Ann is at first wary of Loomis, but later, she becomes curious about him in all ways, including sexually. Loomis is thinking along the same lines, but he's more a man of science than religion, and Ann's unwavering faith makes him nervous. In a small but pivotal scene, he scans the titles on the household bookshelf: There are works by Billy Graham and a manual titled Family-Friendly Farming, as well as a religious book for children, A Is for Adam. If Adam was the first man, Zachariah, trailing at the end of the alphabet, must surely be the last. Is Loomis the last man? As it turns out, no: A dirty, exhausted figure soon emerges from the ravaged landscape. Caleb (Chris Pine, stalwart and sensitive) has eyes that are even bluer than Ann's, and he's had the same rural, religious upbringing. He's a better match for Ann, and Loomis knows it. (Zobel employs a quick, sly joke to also address the fact that Caleb, unlike Loomis, is white.)

From here, the story might have evolved into your ho-hum exploration of romantic and sexual jealousy, but Zobel and his trio of performers dig into something murkier and more primal. This is Zobel's fourth fiction feature, and although he earned a great deal of acclaim for his 2012 Compliance—about a fast-food restaurant manager who follows company protocol too closely, with disastrous consequences—Z for Zachariah is a much more accomplished and nuanced picture. Zobel and cinematographer Tim Orr show us both the seductive comforts and the menace of this strange new world: A scene in which Ann and Loomis share a special homemade dinner, complete with purloined wine from the abandoned store, is lit with a romantic, reassuring glow. Later scenes, in which Caleb and Loomis eye each other like jealous animals, suggest that the tendency toward male aggression can never be fully tamed, even when it comes down to the last two men on Earth. Still, both Loomis and Caleb are more complex than you'd think—there's tenderness beneath Loomis' posturing, especially. And Zobel fearlessly goes for a genuinely melancholy ending: Forget the apocalypse; person-to-person human relations will always be the thing that hangs us up.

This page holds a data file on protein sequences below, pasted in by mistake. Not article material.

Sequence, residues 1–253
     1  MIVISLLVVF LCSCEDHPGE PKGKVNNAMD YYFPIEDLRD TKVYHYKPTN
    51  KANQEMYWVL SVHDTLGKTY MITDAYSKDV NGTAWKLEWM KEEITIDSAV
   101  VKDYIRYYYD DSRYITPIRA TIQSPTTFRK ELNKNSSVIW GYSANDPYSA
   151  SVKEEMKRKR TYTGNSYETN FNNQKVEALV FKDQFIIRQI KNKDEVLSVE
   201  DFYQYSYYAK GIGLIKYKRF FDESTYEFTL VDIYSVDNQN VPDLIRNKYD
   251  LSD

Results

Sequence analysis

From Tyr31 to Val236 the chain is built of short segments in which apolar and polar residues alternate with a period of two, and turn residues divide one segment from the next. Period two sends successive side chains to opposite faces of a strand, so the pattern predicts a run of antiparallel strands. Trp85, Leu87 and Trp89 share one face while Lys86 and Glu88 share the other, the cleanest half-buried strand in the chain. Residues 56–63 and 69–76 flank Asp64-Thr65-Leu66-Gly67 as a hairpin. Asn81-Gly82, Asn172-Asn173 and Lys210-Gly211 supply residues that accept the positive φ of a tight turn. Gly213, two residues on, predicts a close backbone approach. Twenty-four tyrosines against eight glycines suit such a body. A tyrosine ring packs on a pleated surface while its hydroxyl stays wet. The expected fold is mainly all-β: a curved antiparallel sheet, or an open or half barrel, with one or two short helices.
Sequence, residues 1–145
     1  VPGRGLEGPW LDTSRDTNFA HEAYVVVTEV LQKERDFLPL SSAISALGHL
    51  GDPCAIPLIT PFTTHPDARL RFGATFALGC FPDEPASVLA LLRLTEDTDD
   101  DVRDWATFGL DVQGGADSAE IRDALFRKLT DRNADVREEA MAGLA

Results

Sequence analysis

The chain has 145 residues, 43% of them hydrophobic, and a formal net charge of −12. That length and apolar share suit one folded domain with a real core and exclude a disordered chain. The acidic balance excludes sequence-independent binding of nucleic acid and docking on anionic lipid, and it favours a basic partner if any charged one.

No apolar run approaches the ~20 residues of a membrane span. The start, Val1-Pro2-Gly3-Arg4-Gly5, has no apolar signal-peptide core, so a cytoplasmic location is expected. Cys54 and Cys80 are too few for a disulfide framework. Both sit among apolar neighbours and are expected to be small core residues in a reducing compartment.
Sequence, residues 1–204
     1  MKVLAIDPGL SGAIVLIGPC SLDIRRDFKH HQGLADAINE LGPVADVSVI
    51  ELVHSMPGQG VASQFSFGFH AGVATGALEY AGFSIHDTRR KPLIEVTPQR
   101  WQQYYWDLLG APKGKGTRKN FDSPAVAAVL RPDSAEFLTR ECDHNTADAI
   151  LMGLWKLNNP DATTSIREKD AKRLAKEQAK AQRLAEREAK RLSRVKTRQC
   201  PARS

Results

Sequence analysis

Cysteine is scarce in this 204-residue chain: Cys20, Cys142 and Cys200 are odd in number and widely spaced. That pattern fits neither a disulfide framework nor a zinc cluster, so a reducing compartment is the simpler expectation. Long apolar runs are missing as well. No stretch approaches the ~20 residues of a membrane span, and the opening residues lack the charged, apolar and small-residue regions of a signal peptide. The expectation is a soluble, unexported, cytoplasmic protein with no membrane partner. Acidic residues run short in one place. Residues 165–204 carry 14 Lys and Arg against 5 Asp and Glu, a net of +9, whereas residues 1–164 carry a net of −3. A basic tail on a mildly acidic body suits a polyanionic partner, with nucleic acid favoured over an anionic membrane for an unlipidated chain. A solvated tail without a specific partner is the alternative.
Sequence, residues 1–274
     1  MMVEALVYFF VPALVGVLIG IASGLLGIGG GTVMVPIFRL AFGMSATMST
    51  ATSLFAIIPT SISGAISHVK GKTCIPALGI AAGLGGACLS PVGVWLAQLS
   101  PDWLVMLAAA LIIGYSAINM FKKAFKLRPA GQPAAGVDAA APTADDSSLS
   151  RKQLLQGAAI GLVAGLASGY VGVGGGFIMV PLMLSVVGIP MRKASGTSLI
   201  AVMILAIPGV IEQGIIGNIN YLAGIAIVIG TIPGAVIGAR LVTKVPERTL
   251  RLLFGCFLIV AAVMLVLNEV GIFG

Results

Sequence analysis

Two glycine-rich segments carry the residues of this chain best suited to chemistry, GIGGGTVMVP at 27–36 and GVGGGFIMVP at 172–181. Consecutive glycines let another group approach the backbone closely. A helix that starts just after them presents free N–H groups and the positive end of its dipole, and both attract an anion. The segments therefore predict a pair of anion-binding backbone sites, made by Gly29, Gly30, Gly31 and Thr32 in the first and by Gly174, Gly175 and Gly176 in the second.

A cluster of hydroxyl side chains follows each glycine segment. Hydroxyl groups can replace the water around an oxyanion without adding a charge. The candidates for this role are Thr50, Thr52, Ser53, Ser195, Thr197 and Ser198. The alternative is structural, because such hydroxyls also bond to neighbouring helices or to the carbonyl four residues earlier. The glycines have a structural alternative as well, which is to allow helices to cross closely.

But Z for Zachariah may be most interesting for its refusal to scoff at spiritual faith. Loomis may glance dubiously at those book titles, but Ann, her forthright, gentle manner balanced by an almost feral determination to survive, is the heart of the movie. Whether or not we share her specific belief in an all-knowing, benevolent God is beside the point: Somehow, she's still here on the planet, and something, even if it's just a force deep within herself, has kept her there.

Right-wing fundamentalist religious nuts have, understandably, made many of us wary of any common notion of “faith.” In contemporary culture, to admit that you believe in God, or a God, is to risk being branded a hillbilly, an enemy of free thought. It's much cooler to call yourself an atheist, as a way of advertising yourself as a person who can't be hoodwinked. But Z for Zachariah—without being militantly pro-religion in any sense—leaves the door open to the idea of faith as a means of sustenance. In that sense, it's a daring picture. At the very least, it suggests you're really sunk if you consider yourself superior to wonder.

Leave a Reply

Your email address will not be published. Required fields are marked *